Aleksandr Solzhenitsyn (11 Dec 1918 – 3 Aug 2008) was a Russian novelist, short story writer, philosopher, historian and a political ideologist. Born a year after the Bolshevik revolution in Russia in October 1917 and in the immediate aftermath of WWI, his life and works were shaped by the harsh realities of life during his formative period and the consequences of war.
His parents had all the trappings and background of Imperial Russia. His father, Isaakiy Solzhenitsyn, was an officer in the elite Cossack Brigade (which was fiercely Tsarist) of the Imperial Russian Army and his mother was the daughter of a wealthy landowner in the Kuban region in the northern foothill of the Caucasus. Thus, his family fitted the typical bourgeois family, as defined by the revolutionary Bolshevik party, against which Bolshevik revolution was carried out in 1917. His father died soon after his mother conceived him and so he was brought up by his widowed mother in extreme hardship deprived of her wealth by the communist regime of Soviet Russia. Although he was to become a great literary giant, he studied Physics and Mathematics at Rostov State University.
As he grew up as an ardent communist, the drums of next war (WWII) were beating louder and louder and, inevitably, he had to join the Russian Army against Nazi invasion to save his motherland. As a brilliant officer of Cossack heritage, he showed his military excellence and was twice decorated. But the war left a very painful imprint on him. He witnessed war crimes by the Soviet Army against German civilians – the non-combatants and the elderly were robbed of meagre possessions, women were gang raped and killed, houses were burnt and the whole village pillaged. On atrocities, he wrote in agony, “You know very well that we have come to take revenge against the Nazi atrocities in the Soviet Union”.
While serving in the Red Army in WWII, he was arrested for derogatory remarks on the conduct of the war by Josef Stalin in a private letter to a friend in 1945, just a couple of months before the end of the war, and was sentenced to eight years imprisonment in labour camps. He was in a prison in Moscow when on 9th May 1945 Germany had surrendered. While the whole city erupted in jubilation, the person who fought for the country and risked his life was in the prison!
His sentence started in 1945. He chronicled his life in labour camps as forming three phases. In the last phase, from 1950 to 1953, he was in a ‘Special Camp’ for political prisoners in Kazakhstan, where was forced to work as a miner, bricklayer and a foundry foreman. His experience during this time formed the basis of his novel ‘One day in the life of Ivan Denisovich’ (1962). This was the only book that was allowed to be published in the Soviet Union after the reforms that were carried out by Nikita Khrushchev and, even then, only after Khrushchev’s personal patronage. That reform also freed him from exile in 1956 and allowed to go back to Moscow. His books ‘Cancer Ward’ (1968), ‘August 1914’ (1971), ‘The Gulag Archipelago’ (1973) and many more were all published abroad.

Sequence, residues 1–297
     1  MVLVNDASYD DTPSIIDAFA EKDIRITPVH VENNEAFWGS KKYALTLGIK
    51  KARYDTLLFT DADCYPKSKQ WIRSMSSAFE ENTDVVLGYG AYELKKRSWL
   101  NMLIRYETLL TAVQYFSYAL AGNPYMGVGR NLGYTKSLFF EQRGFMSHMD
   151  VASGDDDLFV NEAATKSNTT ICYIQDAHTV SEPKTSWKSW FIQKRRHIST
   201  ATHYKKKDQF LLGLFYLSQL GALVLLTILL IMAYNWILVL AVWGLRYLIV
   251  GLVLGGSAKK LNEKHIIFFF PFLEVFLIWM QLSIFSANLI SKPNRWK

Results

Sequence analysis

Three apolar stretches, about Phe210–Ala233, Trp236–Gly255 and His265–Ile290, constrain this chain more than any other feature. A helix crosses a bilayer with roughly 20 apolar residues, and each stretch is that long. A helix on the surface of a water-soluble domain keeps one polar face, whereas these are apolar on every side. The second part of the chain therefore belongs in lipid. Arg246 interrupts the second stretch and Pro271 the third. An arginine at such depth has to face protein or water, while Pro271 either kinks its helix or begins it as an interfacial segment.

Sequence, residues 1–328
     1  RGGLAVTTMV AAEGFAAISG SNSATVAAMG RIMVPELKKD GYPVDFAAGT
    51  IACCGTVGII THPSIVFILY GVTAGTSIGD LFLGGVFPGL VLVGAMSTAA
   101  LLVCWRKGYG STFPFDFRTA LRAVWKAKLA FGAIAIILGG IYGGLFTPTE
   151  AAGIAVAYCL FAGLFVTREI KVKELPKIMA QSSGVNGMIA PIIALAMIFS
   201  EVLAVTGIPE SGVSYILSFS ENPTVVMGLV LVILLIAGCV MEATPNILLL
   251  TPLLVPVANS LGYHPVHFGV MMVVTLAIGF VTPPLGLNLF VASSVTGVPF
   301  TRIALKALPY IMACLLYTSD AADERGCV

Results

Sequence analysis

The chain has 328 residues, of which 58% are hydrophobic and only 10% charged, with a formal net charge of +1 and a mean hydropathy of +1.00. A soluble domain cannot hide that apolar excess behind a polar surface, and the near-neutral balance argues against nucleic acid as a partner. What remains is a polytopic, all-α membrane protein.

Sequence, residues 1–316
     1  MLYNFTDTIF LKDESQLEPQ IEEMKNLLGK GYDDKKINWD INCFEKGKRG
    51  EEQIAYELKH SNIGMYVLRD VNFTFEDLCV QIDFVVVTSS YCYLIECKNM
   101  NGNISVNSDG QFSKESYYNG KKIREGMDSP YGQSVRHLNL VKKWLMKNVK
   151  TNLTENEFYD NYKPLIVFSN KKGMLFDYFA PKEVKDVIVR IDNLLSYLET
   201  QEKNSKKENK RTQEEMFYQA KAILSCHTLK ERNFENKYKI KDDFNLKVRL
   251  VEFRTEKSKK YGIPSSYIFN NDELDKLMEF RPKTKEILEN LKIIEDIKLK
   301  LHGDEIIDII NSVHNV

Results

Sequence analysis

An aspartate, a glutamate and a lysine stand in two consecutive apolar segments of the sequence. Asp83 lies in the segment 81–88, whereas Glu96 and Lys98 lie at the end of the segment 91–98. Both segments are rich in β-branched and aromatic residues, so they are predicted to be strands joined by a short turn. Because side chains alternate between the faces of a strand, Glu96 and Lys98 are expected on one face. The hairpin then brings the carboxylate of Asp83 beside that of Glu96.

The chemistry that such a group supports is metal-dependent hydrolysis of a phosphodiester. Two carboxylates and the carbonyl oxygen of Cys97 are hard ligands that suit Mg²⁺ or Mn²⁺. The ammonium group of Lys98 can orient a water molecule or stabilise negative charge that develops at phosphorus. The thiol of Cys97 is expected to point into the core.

In all of his books, ‘The Gulag Archipelago’ received most attention in the West, as it was in this book, he exposed the moral depravity of communist ideology. The Gulag, in Russian, is the acronym of Main Directorate of Camps (labour). It was written over a period of ten years taking materials from reports, interviews, diaries as well as legal documents and his own experiences. The three volumes of this book published in 1973 in the West led to his expulsion from the Soviet Union.
He was awarded the Nobel Prize in Literature in 1970 “for the ethical force with which he has pursued the indispensable traditions of Russian literature”. The authorities in Soviet Union were very much angered by his supposedly anti-communist moral and ethical propaganda in the form of literary contributions. In 1974 Soviet Authorities withdrew his Soviet citizenship. He was then flown to the then West Germany and after protracted negotiations, he was allowed to move his family to America in 1976. He lived in America from 1976 until 1994 when he returned to Russia after the fall of Soviet Union. During this period, he wrote the dramatized account of Russian Revolution of 1917 in “The Red Wheel”.
Although in the West he is portrayed as the voice against communism, a lone writer standing up to the might of an ‘Evil Empire’ etc, in reality, he was simply expressing his moral values – be it against communism or capitalism. He wrote a number of articles, while in America, showing the vacuousness of American capitalism and its moral degradation. He strongly criticised America for invading Iraq, Afghanistan and Kosovo. He wrote, “In our country the lie has become not just a moral category but a pillar of the State”. This narrative is now relevant to many countries, East or West.
He also wrote, “Any man who has once proclaimed violence as his method is inevitably forced to take the lie as his principle”. It may have been written against the backdrop of Josef Stalin’s atrocities and violent measures in WWII, but it also applies very well to modern day politicians – democratically elected in Western affluent countries – like George W Bush, Tony Blair, Donald Trump and many more.
In 1994 he returned to Russia with his family and lived in Western part of Moscow. Although he lived over 17 years in America, he never accepted American culture and way of life. As he became old, he moved away from socialism and became a devout Russian Orthodox Christian. He died on 3 August 2008 of heart attack.
Dr A Rahman is an author and a columnist